Angress, Werner T 1963, Stillborn Revolution : The Communist Bid for Power in Germany 1921-1923, Princeton NJ: Princeton University Press.
Badia, Gilbert 1993, Clara Zetkin, féministe sans frontières, Paris: Les Éditions ouvrières.
Beradt, Charlotte 1969, Paul Levi, Frankfurt am Main: Europäische Verlagsanstalt.
Bois, Marcel & Wilde, Florian 2007, “Modell für den künftigen Umgang mit innerparteilicher Diskussion? : Der Heidelberger Parteitag der KPD 1919”.
Broué, Pierre 2005, The German Revolution 1917-1923, Leiden: Brill.
Fernbach, David 1999, ‘Rosa Luxemburg’s Political Heir: An Appreciation of Paul Levi’, New Left Review, I, 238: 3-25.
Fernbach, David 2009, ‘Editorial Introduction to Paul Levi, Our Path and What Is the Crime?’, Historical Materialism, 17, 3: 101-110.
Frölich, Paul 1972, Rosa Luxemburg: Ideas in Action, Pluto Press: London.
Grunberger, Richard 1973, Red Rising in Bavaria, London: Arthur Barker.
Harman, Chris 1982, The Lost Revolution, London: Bookmarks.
Kessler, Mario 2013, Ruth Fischer : Ein Leben mit und gegen Kommunisten (1895-1961), Cologne/Weimar/Vienna: Bohlau Verlag.
Koch-Baumgarten, Sigrid, 1986, Aufstand der Avantgarde, Frankfurt am Main: Campus Verlag.
Lenin, Vladimir 1964, Collected Works Volume 24, Moscow: Progress Publishers.
Lenin, Vladimir 1965a, Collected Works Volume 30, Moscow: Progress Publishers.
Lenin, Vladimir 1965b, Collected Works Volume 32, Moscow: Progress Publishers.
Lenin, Vladimir 1965c, Collected Works Volume 33, Moscow: Progress Publishers.
Lenin, Vladimir 1969, Collected Works Volume 42, Moscow: Progress Publishers.
Leviné-Meyer, Rosa 1977, Inside German Communism, London: Pluto Press.
Liebknecht, Karl 1915, ‘The Main Enemy is at Home’,
Morgan, David W 1975, The Socialist Left and the German Revolution, Ithaca: Cornell University Press.
Présumey, Vincent 2007, ‘Pierre Broué’, Revolutionary History, 9, 4: 5-91.
Protokoll des III. Kongresses der Kommunistischen Internationale 1921, Hamburg: Verlag der Kommunistischen Internationale.
Reichenbach, Bernard 1994, ‘The KAPD in Retrospect’, Revolutionary History, 5, 2: 137-44.
Riddell, John (ed.) 1991, Workers of the World and Oppressed Peoples, Unite!, (2 volumes), New York: Pathfinder.
Riddell, John et al 2013a, “Why did Paul Levi lose out in the German Communist leadership?”
Riddell, John et al 2013b, “Did the Russian NEP trigger the German March Action? — An exchange”.
Riddell, John (ed.) 2015, To the Masses: Proceedings of the Third Congress of the Communist International, 1923, Leiden & Boston: Brill.
Rogers, Ernest 1994, ‘A Comment on Paul Levi’s Article’, Revolutionary History, 5, 2: 70-72.
Rosmer, Alfred 1971, Lenin’s Moscow, London: Pluto.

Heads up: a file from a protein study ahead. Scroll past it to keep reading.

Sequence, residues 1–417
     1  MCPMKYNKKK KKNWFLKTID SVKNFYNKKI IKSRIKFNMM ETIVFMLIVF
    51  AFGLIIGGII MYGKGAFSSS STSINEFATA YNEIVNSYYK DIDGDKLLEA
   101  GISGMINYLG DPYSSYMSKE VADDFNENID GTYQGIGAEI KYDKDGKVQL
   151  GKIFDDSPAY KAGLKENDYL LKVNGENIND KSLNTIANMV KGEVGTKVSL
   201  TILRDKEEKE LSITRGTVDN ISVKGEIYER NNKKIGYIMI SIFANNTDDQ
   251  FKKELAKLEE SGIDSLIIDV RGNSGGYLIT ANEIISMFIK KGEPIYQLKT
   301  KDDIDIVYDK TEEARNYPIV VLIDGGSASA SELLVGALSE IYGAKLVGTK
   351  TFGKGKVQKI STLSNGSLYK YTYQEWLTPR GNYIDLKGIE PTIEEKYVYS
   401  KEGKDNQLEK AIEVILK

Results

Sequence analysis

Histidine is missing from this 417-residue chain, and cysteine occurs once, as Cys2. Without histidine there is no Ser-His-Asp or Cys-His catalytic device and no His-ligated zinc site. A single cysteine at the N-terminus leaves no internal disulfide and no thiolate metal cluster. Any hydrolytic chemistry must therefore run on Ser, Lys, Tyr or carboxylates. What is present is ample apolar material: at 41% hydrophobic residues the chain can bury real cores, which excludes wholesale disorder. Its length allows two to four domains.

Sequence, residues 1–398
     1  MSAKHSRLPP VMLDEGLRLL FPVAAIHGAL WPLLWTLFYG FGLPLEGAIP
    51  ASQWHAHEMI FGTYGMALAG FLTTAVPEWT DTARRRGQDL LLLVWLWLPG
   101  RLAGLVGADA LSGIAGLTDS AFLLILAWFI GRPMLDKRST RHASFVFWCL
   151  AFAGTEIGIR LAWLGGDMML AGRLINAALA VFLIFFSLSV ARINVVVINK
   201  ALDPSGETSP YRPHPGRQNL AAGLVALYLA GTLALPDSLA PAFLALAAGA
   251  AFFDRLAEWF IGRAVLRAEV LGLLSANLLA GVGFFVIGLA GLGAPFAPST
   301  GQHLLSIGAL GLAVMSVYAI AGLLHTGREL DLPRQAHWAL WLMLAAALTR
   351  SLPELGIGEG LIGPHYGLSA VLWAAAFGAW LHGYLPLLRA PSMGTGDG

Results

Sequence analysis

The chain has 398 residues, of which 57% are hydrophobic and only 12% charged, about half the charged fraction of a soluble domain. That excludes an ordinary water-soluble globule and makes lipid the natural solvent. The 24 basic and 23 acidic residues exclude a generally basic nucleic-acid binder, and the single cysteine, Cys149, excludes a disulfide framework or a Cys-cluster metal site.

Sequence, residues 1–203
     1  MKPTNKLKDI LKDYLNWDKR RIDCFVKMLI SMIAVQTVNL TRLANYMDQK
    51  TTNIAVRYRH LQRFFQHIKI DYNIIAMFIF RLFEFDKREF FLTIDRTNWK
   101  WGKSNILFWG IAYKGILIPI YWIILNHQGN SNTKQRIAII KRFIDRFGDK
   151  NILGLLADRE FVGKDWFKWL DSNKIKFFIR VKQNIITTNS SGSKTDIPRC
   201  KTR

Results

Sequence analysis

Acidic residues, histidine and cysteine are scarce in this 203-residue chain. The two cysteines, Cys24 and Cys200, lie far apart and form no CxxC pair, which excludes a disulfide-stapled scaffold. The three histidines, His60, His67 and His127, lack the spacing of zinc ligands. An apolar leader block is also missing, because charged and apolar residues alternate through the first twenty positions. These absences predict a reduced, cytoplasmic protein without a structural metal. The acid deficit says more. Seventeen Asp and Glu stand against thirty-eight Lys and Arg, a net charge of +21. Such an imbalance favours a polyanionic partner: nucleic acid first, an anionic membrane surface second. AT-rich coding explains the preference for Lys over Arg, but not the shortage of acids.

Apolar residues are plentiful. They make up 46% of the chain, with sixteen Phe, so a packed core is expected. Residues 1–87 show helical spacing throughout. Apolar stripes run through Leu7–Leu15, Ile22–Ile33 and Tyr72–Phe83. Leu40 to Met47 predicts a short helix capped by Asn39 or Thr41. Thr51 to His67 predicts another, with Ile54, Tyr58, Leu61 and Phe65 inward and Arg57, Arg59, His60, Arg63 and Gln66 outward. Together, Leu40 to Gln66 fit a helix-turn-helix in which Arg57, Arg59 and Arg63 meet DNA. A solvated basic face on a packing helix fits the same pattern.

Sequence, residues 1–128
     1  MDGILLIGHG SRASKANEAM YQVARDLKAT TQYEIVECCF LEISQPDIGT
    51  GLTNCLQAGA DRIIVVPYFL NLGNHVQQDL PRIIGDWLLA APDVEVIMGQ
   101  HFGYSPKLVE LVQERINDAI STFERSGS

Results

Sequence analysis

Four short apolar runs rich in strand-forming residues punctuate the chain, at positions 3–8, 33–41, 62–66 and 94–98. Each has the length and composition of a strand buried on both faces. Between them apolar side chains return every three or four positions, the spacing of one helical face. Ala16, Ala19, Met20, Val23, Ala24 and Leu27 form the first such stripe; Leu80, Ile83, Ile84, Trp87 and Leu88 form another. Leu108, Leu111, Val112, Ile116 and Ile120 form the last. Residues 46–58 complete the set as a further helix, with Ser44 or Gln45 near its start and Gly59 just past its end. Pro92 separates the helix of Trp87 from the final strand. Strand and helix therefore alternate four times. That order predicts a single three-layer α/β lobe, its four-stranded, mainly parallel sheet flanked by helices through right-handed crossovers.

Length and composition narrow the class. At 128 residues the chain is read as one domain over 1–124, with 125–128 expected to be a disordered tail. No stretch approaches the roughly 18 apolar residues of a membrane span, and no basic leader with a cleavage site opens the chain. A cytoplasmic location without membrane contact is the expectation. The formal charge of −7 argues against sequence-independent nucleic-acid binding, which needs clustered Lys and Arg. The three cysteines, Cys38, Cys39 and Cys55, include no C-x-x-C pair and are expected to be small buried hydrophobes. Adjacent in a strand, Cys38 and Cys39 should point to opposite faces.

Serge, Victor 2012, Memoirs of a Revolutionary 1901-1941, New York: New York Review of Books.
Serge, Victor 1997 “The Anarchists and the Experience of the Russian Revolution” in Revolution in Danger, London: Redwords, pp. 81-120.
Serge, Victor 2000, Witness to the German Revolution, London: Redwords.
Zetkin, Klara 1929, Reminiscences of Lenin, London: Modern Books Limited.
 My thanks to Mike Jones, Ben Lewis and John Rose for comments on a first draft. I have learned a great deal from correspondence with Mike Jones, though he does not share my conclusions.
All page references to the three books under review are given in brackets in the text, prefixed by L (Fernbach/Levi), C (Cyr) or F (Frölich).
 A valuable recent addition is Mario Kessler’s fascinating study of Ruth Fischer: Kessler 2013.
 Precise membership figures are difficult to establish, especially in such a hectic period. Estimates range between 350,000 and 500,000. Angress 1963, pp. 72-3.
 For a discussion of the complex question of how far the March Action was inspired by Moscow and the Comintern, as against internal German factors, see for example the exchange of views at Riddell et al 2013a and 2013b.
 Sigrid Koch-Baumgarten, using the KPD’s own figures, argues that the membership loss in 1921 was certainly one half of the total, and perhaps as high as two thirds. Koch-Baumgarten 1986, p. 323.
 Serge 2012, p. 121.
 Rosmer 1971, p. 29.
 Leviné-Meyer 1977, p. 15.
 Stressed by Grunberger 1973.
 Beradt 1969 drew on personal knowledge of Levi, but was unable to consult Russian archives.
 Frölich 1972.
 An earlier translation by Mike Jones of Levi’s introduction to the German edition of Trotsky’s book was published in Revolutionary History Vol. 5, No. 2 (1994).
 See Serge 2000.
 Fernbach 1999.
 Our Path contains several quotations from Lenin, and more from Marx. Levi was clearly forestalling any charges of unorthodoxy.
 In a letter to German Communists in August 1921 Lenin stated that when he first met him in 1916, “Levi was already a Bolshevik”. Lenin, 1965b, p. 516.
 Lenin 1964, p. 23
 Rosmer 1971, p. 61. Precisely because the Bolshevik Party was far more homogeneous than the KPD, it could be more flexible in its alliances.